Creationists will sometimes ask evolutionists how they can account for life, and the response they sometimes get is that evolution is only about how life evolved into a variety of different forms and that it just doesn’t deal with how life came into existence. I believe this response is short-sighted. Life is not the only thing that evolves through natural selection. We know that memes (understood in Richard Dawkins’ original sense) evolve even though they are not lifeforms.1 We know that language can evolve.2 Likewise, computer viruses may evolve, and actual viruses may evolve even though we do not number them among lifeforms. Evolution by natural selection works with anything capable of imperfect reproduction, whether alive or not. This leads me to the idea that life came about through evolution by natural selection.
Before any life existed, there were non-living replicators, similar, if not identical, to things like RNA, DNA, and viruses. The DNA that we use to reproduce ourselves is not itself a living organism. In our case, our DNA includes instructions for building living organisms, and it relies on these living organisms to spread it to future generations. Before DNA ever built any living organisms, it may have been in the business of building non-living organisms, simple machines that would spread it further. And before DNA made any kind of organisms, it was just copying itself. DNA may have evolved from something simpler, such as RNA, or both DNA and RNA might have arisen separately, or both might have evolved from a common ancestor.
However it happened, the complex DNA that began to build living organisms evolved through natural selection from more primitive replicators. But how did the first replicators get started? Replication is simply what you get when you combine the processes of growth and division. I came to this insight when I created a Chess variant that inadvertently included the reproduction of pieces. I had created one game called Metamorph Chess and another called Fusion Chess. The former let simple pieces promote to compound pieces when moving away from an attacked space, and the latter let compound pieces split into their component pieces, such as a Queen splitting into a Rook and a Bishop. I then combined both games together into a Chess variant called Metamorphin’ Fusion Chess. Thanks to being able to promote simple pieces to compound pieces and thanks to being able to split compound pieces into simple pieces, this game allowed for the reproduction of pieces.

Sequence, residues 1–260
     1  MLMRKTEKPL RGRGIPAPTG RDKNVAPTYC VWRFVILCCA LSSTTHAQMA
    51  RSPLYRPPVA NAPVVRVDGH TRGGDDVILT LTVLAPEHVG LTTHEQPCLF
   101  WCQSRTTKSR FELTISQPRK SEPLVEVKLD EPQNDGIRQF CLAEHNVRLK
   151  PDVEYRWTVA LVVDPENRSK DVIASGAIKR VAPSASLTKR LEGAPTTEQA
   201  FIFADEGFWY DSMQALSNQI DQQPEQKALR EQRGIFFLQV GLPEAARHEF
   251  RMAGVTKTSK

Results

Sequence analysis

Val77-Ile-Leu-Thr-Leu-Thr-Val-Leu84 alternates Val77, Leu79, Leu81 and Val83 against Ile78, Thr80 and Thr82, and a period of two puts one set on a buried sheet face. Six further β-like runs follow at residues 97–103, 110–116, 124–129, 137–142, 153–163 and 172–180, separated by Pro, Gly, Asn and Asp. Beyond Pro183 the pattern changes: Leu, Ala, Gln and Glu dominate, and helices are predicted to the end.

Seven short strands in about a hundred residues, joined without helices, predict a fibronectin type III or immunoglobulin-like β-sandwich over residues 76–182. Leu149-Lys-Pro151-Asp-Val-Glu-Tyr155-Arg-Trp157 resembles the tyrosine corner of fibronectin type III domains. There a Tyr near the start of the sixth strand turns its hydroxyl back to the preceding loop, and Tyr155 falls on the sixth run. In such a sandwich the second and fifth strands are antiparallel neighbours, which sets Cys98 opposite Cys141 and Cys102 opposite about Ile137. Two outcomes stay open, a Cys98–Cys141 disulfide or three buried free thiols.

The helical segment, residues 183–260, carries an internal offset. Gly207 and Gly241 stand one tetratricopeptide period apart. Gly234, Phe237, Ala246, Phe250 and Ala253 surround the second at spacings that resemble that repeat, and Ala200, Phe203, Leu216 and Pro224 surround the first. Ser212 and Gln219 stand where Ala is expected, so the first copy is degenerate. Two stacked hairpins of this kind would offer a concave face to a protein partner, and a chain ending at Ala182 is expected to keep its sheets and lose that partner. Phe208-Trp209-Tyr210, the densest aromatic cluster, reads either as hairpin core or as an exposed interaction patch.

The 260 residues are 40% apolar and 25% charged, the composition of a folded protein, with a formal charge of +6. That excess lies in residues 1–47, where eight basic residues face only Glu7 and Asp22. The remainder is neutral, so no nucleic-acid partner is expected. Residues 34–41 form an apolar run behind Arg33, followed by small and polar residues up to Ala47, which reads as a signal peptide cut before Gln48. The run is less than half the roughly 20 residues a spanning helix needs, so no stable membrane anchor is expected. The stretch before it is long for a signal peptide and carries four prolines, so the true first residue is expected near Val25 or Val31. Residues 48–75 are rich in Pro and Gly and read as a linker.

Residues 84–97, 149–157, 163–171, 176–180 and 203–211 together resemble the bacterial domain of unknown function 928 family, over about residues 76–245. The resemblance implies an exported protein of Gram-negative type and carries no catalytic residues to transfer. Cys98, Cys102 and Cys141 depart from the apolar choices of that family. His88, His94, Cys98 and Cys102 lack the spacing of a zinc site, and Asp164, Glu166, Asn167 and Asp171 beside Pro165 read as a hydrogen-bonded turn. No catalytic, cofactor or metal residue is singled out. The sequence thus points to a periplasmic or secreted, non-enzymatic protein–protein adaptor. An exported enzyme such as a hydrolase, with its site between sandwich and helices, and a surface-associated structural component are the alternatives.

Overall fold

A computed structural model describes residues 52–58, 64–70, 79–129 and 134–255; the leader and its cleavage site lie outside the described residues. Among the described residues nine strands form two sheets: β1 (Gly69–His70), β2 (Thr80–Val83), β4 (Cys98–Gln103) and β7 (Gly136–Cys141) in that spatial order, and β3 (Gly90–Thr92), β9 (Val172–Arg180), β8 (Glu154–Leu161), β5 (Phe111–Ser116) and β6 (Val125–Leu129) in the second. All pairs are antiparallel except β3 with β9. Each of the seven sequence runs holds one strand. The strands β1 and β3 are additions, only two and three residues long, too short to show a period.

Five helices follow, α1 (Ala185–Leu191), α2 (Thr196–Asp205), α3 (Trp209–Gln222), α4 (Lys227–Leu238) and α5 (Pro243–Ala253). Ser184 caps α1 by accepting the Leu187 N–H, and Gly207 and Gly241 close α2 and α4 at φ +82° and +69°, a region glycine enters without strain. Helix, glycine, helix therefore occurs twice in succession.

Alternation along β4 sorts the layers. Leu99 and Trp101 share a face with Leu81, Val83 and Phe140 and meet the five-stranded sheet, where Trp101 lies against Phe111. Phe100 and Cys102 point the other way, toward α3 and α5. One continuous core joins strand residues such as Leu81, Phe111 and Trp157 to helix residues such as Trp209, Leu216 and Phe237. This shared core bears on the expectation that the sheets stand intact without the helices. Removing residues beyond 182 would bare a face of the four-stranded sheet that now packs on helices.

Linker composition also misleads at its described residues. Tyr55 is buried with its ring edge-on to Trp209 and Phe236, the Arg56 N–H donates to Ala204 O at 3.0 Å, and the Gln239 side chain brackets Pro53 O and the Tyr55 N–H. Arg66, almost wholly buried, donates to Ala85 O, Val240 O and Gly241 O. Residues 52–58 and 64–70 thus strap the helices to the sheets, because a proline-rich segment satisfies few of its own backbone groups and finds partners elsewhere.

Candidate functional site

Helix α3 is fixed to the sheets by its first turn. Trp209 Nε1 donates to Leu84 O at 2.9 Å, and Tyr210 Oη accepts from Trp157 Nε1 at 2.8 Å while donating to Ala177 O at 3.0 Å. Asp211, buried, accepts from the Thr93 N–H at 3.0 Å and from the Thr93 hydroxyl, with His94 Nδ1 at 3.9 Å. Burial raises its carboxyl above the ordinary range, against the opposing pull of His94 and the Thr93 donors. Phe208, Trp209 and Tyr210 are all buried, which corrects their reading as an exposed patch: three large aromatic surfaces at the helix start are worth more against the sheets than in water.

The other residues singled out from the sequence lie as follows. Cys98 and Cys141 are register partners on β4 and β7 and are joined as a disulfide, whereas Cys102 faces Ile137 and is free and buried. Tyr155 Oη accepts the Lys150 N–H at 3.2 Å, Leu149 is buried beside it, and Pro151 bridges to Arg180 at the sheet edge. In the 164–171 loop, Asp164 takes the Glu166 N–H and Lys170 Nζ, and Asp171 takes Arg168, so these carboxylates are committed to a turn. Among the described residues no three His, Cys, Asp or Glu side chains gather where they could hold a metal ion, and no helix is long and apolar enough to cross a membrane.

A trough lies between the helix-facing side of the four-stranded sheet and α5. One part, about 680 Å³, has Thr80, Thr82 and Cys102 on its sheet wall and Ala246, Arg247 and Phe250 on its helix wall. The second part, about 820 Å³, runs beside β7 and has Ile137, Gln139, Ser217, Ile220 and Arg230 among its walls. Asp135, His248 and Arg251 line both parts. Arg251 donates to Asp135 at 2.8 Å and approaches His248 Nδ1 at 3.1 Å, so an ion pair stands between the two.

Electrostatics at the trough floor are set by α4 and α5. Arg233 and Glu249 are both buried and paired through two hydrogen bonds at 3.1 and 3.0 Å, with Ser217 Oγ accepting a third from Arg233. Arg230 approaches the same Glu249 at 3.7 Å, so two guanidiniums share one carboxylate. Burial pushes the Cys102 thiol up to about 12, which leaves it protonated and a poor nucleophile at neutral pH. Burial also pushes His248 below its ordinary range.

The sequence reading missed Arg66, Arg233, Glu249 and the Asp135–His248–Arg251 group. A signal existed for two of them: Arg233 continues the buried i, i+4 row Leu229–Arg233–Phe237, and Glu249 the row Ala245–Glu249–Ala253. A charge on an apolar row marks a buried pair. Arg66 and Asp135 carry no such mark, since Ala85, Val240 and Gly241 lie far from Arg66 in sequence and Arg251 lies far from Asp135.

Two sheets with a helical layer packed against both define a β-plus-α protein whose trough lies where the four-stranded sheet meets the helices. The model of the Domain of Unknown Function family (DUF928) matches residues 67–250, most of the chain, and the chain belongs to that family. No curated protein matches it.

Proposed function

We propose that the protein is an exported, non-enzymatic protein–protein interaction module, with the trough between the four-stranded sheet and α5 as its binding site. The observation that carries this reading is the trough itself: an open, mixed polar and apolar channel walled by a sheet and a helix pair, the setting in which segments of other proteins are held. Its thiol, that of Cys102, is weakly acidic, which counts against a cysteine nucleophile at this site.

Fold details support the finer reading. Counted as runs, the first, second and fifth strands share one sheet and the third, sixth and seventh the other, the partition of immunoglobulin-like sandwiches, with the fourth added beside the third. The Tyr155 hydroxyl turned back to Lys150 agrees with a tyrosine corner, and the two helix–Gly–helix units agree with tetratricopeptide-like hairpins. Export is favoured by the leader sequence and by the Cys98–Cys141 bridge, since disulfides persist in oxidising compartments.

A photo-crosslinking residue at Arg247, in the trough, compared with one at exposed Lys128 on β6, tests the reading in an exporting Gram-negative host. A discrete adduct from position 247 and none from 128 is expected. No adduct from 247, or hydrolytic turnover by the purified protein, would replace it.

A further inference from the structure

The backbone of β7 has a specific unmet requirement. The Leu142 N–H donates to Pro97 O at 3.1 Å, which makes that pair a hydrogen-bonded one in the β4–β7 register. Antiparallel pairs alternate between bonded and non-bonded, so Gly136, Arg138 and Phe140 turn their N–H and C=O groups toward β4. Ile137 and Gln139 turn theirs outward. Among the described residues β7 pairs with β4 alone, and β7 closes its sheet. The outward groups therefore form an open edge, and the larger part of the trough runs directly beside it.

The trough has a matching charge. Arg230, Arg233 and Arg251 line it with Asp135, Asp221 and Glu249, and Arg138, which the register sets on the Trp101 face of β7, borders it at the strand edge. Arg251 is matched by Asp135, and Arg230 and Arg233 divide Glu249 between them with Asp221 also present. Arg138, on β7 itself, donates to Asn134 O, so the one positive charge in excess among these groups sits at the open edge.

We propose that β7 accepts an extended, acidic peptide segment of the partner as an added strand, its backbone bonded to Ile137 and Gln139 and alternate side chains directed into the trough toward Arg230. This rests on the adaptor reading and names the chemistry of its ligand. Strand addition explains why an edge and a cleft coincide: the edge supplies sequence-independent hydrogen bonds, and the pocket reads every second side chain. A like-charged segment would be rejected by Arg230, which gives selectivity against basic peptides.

So, all you need for reproduction is growth and division. Division is easier to account for. As something grows, it will eventually reach a size where it becomes too difficult for it to remain together as a single unit. Think of constructing a house of cards. The more cards you add to it, the more unstable it will become, and the more likely it will be for it to fall apart.